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Classic Horror Plays > Massacre at Paris > Scene XVII

Massacre at Paris
By Christopher Marlowe
Published in 1593

Scene XVII

      [Enter a Souldier.]

SOULDIER
Sir, to you sir, that dare make the Duke a cuckolde,
and use a counterfeite key to his privie Chamber doore: And
although you take out nothing but your owne, yet you put in
that which displeaseth him, and so forestall his market, and set up
your standing where you should not: and whereas tree is your
Landlord, you would take upon you to be his, and tyll the ground
that he himself should occupy, which is his own free land. If it be
not too free there's the question: and though I come not to take
possession (as I would I might) yet I meane to keepe you out,
which I will if this geare horde: what are ye come so soone?
have at ye sir.

      [Enter Mugeroun.]

      [He shootes at him and killes him.]

      [Enter the Guise (attended).]

GUISE
Holde thee tall Souldier, take thou this and flye.

      [Exit Souldier.]

Lye there the Kings delight, and Guises scorne.
Revenge it Henry as thou list'st or dar'st,
I did it only in despite of thee.

      [Take him away.]

      [Enter the King and Epernoune.]

KING
My Lord of Guise, we understand that you
Have gathered a power of men.
What your intent is yet we cannot learn,
But we presume it is not for our good.

GUISE
Why I am no traitor to the crowne of France.
What I have done tis for the Gospel's sake.

EPERNOUNE
Nay for the Popes sake, and shine owne benefite.
What Peere in France but thou (aspiring Guise)
Durst be in armes without the Kings consent?
I challenge thee for treason in the cause.

GUISE
Oh base Epernoune, were not his highnes heere,
Thou shouldst perceive the Duke of Guise is mov'd.

KING
Be patient Guise and threat not Epernoune,
Least thou perceive the King of France be mov'd.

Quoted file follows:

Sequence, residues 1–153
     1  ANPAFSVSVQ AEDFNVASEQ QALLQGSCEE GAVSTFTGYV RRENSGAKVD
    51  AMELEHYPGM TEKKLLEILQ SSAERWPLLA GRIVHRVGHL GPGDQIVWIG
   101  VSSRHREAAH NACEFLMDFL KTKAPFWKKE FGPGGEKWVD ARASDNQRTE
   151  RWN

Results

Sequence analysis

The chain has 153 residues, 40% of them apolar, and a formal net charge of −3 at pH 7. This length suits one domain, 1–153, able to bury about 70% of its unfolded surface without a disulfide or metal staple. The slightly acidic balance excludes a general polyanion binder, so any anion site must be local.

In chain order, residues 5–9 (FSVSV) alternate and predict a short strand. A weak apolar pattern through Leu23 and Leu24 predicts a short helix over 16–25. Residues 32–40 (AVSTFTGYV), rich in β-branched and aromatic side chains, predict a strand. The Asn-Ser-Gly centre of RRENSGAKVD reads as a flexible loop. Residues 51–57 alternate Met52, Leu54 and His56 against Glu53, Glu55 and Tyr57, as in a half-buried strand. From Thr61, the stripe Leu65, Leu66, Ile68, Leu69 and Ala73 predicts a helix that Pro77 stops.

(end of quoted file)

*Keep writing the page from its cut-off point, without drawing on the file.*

GUISE
Why? I am a Prince of the Valoyses line,
Therfore an enemy to the Burbonites.
I am a juror in the holy league,
And therfore hated of the Protestants.
What should I doe but stand upon my guarde?
And being able, Ile keep an hoast in pay.

EPERNOUNE
Thou able to maintaine an hoast in pay,
That livest by forraine exhibition?
The Pope and King of Spaine are thy good frends,
Else all France knowes how poor a Duke thou art.

KING
I, those are they that feed him with their golde,
To countermaund our will and check our freends.

GUISE
My Lord, to speak more plainely, thus it is:
Being animated by Religious zeale,
I meane to muster all the power I can,
To overthrow those factious Puritans:
And know, the Pope will sell his triple crowne,
I, and the catholick Philip King of Spaine,
Ere I shall want, will cause his Indians,
To rip the golden bowels of America.
Navarre that cloakes them underneath his wings,
Shall feele the house of Lorayne is his foe:
Your highnes need not feare mine armies force,
Tis for your safetie and your enemies wrack.

KING
Guise, weare our crowne, and be thou King of France,
And as Dictator make or warre or peace,
Whilste I cry placet like a Senator.
I cannot brook thy hauty insolence,
Dismisse thy campe or else by our Edict,
Be thou proclaimde a traitor throughout France.

GUISE
The choyse is hard, I must dissemble.

      [Aside.]

My Lord, in token of my true humilitie,
And simple meaning to your Majestie,
I kisse your graces hand, and take my leave,
Intending to dislodge my campe with speed.

KING
Then farwell Guise, the King and thou art freends.

      [Exit Guise.]

EPERNOUNE
But trust him not my Lord,
For had your highnesse seene with what a pompe
He entred Paris, and how the Citizens
With gifts and shewes did entertaine him
And promised to be at his commaund:
Nay, they fear'd not to speak in the streetes,
That Guise ch, durst stand in armes against the King,
For not effecting of his holines will.

KING
Did they of Paris entertaine him so?
Then meanes he present treason to our state.
Well, let me alone, whose within there?

      [Enter one with e pen and inke.]

Make a discharge of all my counsell straite,
And Ile subscribe my name and seale it straight.
My head shall be my counsell, they are false:
And Epernoune I will be rulde by thee.

EPERNOUNE
My Lord,
I think for safety of your person,
It would be good the Guise were made away,
And so to quite your grace of all suspect.

KING
First let us set our hand and seale to this,
And then Ile tell thee what I meane to doe.

      [He writes.]

So, convey this to the counsell presently.

      [Exit one.]

And Epernoune though I seeme milde and calme,
Thinke not but I am tragicall within:
Ile secretly convey me unto Bloyse,
For now that Paris takes the Guises parse,
Heere is not staying for the King of France,
Unles he means to be betraide and dye:
But as I live, so sure the Guise shall dye.

      [Exeunt.]

Scene XVI | Table of Contents | Scene XVIII
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